Today at work a question was brought up and the explanation was so remarkable and in depth that I figured I’d share with all of you. Hope you find it helpful!

Can you decipher the differences between pre-biotics, pro-biotics, and digestive enzymes and when to use/recc each?   I have a client that has some questions regarding these.  I’ll be seeing them again in about a week. 

Pre-biotics (Eaten Daily): Pre-biotics are substances from food that feed the good bacteria (probiotics). “Fiber” is the most well-known prebiotic. Prebiotics also include resistant starch and I would also argue phytonutrients.

  • Most Americans do not eat enough vegetables and fruit – a primary source of fiber. Life Time’s recommendation of 9-11 servings of fruits and veggies/day will help a coachee achieve daily fiber recommendations. Many foods in the Paleo diet are great sources of both soluble and insoluble fiber, such as yams and sweet potatoes, green leafy vegetables, carrots and other root vegetables, fruits with an edible peel (like apples and pears), berries, seeds, and nuts.Recommendations: Dr. Mercola recommends at least 50 grams of fiber/day, The Institute of Medicine 38 grams for men and 25 grams for women and lastly, the USDA 20-30 grams/day. Most people aren’t even close to the USDA’s recommendations. Increasing fiber intake over time will allow the GI tract adjust to the changing amounts and lead to less bloating.
  • Resistant starch is also a fiber, found in many carb-rich foods like potatoes, rice, green bananas, and beans, but it increases after these foods are cooked and then cooled. Cooking triggers starch to absorb water and swell, and as it slowly cools, portions of the starch become crystallized into the form that resists  These compounds end up getting fermented in the large intestine, thus feeding the bacteria found there.
  • Phytonutrients/Phytochemicals: Research is still emerging on these guys, but there is a lot of excitement around their potential effects as antioxidants, antiestrogenics, anti-inflammatory, immunomodulatory, and anticarcinogenics. However, the bioavailability and effects of polyphenols greatly depend on their transformation by components of the gut microbiota. Phytochemicals and their metabolic products may also inhibit pathogenic bacteria while stimulate the growth of beneficial bacteria, exerting prebiotic-like effects AKA they selectively increase the proliferation of good guy bacteria. Mike Mutzel explains it this way: “So, just by eating a diet that’s rich in polyphenols – the greens and spinach and kale, the oranges and bell peppers, and so forth, the purples and blueberries, and the purple kale – all these things – they can only be broken down by good guy bacteria. The bad guy bacteria literally do not have the enzymatic capacity to break them down. So, just by eating a diet rich in fruits and vegetables, and polyphenols, and drinking tea, looking at herbs and spices, you’re not going to affect your metabolism and your so-called increased antioxidants in your body, but you’re going to selectively proliferate good bacteria; they’re almost like prebiotics in that sense. That’s huge, and it makes a lot of sense. We need to really change the way that we look at diet and think about the gut first, think about the bacteria that reside between them.”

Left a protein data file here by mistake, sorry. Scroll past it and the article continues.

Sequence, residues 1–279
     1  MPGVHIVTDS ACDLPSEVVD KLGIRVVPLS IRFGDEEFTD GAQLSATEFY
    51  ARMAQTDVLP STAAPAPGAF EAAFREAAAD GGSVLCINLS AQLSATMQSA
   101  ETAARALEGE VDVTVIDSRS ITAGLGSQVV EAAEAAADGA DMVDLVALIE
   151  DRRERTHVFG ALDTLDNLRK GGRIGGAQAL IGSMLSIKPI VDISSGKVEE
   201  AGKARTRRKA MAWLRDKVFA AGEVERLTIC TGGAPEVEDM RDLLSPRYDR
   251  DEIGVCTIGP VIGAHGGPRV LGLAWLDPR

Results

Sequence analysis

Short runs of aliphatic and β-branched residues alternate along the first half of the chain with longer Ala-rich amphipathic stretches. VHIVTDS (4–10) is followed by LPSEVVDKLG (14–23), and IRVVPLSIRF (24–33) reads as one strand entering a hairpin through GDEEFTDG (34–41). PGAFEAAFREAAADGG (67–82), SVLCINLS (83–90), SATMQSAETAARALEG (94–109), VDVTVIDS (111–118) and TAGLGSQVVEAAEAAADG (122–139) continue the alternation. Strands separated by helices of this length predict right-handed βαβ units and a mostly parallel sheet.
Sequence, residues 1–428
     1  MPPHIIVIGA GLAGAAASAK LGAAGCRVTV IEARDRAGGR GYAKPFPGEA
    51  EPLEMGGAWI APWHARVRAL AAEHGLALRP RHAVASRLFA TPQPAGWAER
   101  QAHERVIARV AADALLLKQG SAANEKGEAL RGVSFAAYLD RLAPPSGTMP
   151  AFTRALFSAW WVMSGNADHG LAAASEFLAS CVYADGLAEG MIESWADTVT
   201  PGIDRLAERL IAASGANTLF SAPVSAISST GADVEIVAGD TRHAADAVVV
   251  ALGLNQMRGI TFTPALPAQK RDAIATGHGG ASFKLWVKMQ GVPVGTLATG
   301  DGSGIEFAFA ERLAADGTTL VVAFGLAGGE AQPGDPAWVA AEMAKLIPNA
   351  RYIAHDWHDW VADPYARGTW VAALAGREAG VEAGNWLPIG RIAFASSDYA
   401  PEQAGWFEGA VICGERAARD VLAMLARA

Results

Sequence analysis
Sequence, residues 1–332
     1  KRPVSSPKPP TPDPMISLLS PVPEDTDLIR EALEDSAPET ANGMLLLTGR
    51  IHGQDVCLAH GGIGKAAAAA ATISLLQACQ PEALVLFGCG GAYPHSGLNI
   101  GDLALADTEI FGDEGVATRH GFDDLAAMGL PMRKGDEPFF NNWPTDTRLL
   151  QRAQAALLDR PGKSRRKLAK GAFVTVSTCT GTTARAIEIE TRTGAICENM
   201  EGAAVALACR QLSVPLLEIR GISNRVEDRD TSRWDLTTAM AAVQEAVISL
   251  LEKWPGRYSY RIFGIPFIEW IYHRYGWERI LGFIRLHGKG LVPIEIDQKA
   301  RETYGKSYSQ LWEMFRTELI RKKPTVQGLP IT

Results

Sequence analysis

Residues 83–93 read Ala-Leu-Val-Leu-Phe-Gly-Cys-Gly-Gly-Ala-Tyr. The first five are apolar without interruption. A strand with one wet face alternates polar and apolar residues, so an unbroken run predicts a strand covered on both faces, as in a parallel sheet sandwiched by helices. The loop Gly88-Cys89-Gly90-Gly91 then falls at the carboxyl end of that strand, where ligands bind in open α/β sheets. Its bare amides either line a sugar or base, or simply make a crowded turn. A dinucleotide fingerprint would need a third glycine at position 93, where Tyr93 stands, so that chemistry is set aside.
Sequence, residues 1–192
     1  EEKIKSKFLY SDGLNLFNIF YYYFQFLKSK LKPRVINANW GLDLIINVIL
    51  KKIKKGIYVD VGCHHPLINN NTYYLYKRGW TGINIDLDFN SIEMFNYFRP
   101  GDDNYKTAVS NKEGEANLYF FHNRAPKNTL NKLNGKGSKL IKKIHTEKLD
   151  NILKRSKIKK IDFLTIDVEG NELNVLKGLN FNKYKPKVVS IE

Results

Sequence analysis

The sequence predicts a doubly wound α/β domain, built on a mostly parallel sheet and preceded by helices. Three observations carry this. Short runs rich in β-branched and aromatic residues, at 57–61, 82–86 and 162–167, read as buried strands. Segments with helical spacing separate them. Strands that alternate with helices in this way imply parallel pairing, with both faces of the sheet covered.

Probiotics (Eaten Daily): Probiotics are the good bacteria that reside in the large intestine. The most common strains are bifidobacteria and lactobacillus, however the human gastrointestinal tract contains over 1,000 different types of bacteria. Even though most people have roughly the same number as bacteria, kids raised on farms had more bacterial diversity vs city kids = stronger immune systems.  This means variety is key. FYI – Probiotics aren’t just limited to the gut, they are also all over our skin and topical probiotics have been used to treat skin conditions, even probiotic cosmetics/lotions are starting to come out! Back to the gut… we are seeing a lot of gut issues crop up from a number of things, including lack of fiber + lack of probiotics in the diet. In other cultures, eating fermented food with meals is commonplace. Think: sauerkraut, kimchi, kefir, kvass, kombucha. Fermentation was the primary way of preserving food before modern canning and even more modern refrigeration, as the lactic acid bacteria (from dairy, whey fermentation) and soil-based bacteria (from fermentation of like sauerkraut) create preservation + provide a probiotic dose. Getting back to ancestral eating could be the key to better digestion. In addition to that being said, if buying organically, perhaps not scrubbing your produce to squeaky clean perfection can also provide more soil-based bacteria in the diet.


Digestive Enzymes (Take Maybe): Digestive enzymes are secreted by the pancreas or taken orally to supplement/provide additional support for the pancreas if there is insufficiency. People who have digestive problems may benefit from taking digestive enzymes, though stool testing can provide more information on how well the pancreas is working. Most importantly, eating correctly influences digestive capability. Eating while multi-taking, stressed, unaware or fast all diminish digestive ability (which is basically most people). I would recommend addressing those first to see if digestion improves. I might suggest trying out digestive bitters, an apple cider vinegar tonic or even trying digestion promoting teas like ginger, fennel, burdock root or gentian root to have with or before meals. I don’t typically recommend taking a digestive enzyme long-term as it can decrease the pancreas’ enzyme output, but again, people with IBS or other disruptive digestive concerns could benefit from supplementation.



Resources I like: Chris Kresser, Josh Axe, Healevate, Mercola, Dr. Perlmutter, Dr. Hyman, Google Scholar + PubMed, Mike Mutzel, Mark Sisson, Dr. Terry Wahls, Dr. Amy Meyers, Dr. David Ludwig